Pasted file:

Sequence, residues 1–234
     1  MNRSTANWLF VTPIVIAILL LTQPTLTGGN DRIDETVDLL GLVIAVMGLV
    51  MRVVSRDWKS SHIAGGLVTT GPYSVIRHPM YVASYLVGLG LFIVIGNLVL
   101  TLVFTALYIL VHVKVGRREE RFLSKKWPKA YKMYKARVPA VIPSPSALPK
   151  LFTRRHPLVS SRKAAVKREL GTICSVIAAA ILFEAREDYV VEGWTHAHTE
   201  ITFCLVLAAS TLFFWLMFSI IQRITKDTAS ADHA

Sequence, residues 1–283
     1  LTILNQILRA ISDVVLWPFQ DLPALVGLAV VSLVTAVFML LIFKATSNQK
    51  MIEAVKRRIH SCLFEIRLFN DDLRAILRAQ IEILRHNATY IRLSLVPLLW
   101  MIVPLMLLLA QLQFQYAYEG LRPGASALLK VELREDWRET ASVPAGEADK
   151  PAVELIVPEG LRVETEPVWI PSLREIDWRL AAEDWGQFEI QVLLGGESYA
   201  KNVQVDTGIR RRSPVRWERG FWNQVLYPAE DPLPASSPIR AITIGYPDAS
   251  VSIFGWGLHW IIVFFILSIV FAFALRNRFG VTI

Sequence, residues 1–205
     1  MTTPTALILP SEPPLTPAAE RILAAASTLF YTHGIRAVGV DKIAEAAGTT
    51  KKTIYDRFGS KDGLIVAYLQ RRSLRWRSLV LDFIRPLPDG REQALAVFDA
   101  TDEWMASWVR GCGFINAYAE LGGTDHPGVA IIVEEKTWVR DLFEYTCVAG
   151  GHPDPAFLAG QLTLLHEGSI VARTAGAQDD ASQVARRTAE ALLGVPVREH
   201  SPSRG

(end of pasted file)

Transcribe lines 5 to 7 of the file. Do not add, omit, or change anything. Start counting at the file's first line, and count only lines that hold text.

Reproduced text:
   151  LFTRRHPLVS SRKAAVKREL GTICSVIAAA ILFEAREDYV VEGWTHAHTE
   201  ITFCLVLAAS TLFFWLMFSI IQRITKDTAS ADHA

Sequence, residues 1–283